MALUS domestica 'Duchess of Oldenburg'
Plant Common Name
Apple, Cooking Apple, Duchess of Oldenberg Apple
Introduced from Russia to England (and thence the United States) in the early nineteenth century, 'Duchess of Oldenburg' is still valued for its exceptional cold hardiness and flavorful apples. Ripening in late summer, the medium to large, spherical fruits have thick, tender, greenish yellow skin heavily blushed and streaked with red. The fragrant, fine-textured, pale yellow flesh of this dessert or cooking apple is firm, tender, and juicy. The fruits store poorly. This cultivar bears heavy crops on upright, spreading, medium-sized trees that are resistant to scab. Plant it near another early-season variety (such as 'McIntosh') for cross-pollination.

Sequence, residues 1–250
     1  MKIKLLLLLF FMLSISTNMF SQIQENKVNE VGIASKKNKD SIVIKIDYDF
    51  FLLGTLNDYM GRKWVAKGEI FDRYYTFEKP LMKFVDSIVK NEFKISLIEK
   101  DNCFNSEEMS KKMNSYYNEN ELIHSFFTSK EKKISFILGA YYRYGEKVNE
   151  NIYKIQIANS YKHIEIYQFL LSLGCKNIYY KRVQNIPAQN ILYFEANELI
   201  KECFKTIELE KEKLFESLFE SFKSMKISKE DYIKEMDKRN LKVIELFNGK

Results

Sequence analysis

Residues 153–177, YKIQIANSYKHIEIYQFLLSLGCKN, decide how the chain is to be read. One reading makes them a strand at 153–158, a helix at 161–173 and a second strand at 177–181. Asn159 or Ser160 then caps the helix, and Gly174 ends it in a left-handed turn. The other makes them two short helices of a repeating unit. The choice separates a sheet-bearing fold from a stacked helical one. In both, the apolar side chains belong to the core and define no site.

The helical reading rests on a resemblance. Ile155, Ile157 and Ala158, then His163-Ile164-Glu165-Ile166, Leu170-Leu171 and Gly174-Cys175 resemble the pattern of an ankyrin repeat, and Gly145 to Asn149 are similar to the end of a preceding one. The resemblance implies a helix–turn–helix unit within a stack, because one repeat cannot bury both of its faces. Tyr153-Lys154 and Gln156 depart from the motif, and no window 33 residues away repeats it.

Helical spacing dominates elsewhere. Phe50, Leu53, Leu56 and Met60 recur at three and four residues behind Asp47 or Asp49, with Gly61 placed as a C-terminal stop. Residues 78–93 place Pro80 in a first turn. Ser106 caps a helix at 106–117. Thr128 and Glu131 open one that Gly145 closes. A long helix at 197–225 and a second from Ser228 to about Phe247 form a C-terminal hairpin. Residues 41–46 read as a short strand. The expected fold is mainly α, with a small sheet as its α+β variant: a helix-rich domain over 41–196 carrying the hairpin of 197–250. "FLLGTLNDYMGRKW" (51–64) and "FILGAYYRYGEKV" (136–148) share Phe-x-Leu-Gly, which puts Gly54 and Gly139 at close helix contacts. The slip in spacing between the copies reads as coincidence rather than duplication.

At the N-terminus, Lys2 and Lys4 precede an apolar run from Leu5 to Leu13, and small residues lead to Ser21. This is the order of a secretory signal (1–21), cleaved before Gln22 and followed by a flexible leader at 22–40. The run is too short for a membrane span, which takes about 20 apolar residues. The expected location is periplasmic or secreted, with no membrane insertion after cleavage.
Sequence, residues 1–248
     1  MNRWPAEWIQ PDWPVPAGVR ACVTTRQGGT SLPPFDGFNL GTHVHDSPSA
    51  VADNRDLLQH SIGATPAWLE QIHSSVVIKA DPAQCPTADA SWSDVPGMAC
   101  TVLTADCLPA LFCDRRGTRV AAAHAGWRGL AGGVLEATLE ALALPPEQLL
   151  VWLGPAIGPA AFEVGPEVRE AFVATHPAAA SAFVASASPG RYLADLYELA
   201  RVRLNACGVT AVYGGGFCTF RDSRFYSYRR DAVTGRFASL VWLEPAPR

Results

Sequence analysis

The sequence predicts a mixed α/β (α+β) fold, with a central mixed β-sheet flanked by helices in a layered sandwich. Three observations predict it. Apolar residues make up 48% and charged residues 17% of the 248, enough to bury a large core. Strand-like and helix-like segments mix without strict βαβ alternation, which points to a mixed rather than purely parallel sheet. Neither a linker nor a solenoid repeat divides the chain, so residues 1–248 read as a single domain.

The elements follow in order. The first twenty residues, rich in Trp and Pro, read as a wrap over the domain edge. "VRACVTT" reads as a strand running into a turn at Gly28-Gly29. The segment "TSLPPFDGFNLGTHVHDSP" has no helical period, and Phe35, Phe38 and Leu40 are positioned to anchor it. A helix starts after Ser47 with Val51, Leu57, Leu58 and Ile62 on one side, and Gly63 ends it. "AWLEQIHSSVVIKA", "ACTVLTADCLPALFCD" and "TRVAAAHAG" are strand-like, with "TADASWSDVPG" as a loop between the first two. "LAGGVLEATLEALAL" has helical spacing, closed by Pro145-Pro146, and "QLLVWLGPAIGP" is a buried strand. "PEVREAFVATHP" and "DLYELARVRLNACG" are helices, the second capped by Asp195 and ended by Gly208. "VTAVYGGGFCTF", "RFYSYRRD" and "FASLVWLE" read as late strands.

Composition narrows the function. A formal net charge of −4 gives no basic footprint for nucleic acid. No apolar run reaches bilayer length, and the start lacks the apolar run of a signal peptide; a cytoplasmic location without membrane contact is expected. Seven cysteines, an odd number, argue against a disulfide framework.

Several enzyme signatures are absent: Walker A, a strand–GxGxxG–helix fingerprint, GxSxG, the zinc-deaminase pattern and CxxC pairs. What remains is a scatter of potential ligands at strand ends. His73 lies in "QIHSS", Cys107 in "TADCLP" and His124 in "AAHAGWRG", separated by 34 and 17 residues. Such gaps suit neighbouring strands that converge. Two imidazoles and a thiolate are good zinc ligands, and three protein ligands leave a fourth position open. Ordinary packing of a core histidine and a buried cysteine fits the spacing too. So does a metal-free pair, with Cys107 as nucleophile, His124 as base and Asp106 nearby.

There is nothing more satisfying than growing your own apple trees. The domestic apple is most commonly a medium-sized tree with a rounded to oval canopy. It originates from southeastern Europe, Siberia, and southwestern Asia and has been in cultivation for thousands of years. In spring, these trees offer sweet, fragrant flowers of light pink, white or rose, and in fall reward us with crisp, juicy apples.
These fruits have a wide variety of colors, textures and flavors and may be eaten out-of-hand, pressed for cider, frozen, canned or baked in a variety of ways. There are thousands of cultivars available, including many interesting heirlooms as well as fresh new varieties. Different selections vary in height and may bear fruit in late summer or fall.
While the domestic apple prefers full sun and well-drained soil, it will tolerate light shade and bouts of drought. For best fruit production, trees must be vigorously pruned and maintained. Apples are susceptible to many pests and diseases, but resistant varieties are available.
Most apples are grafted onto rootstock that provides a wide range of benefits such as vigor, pest and disease resistance and dwarf stature, depending on the stock.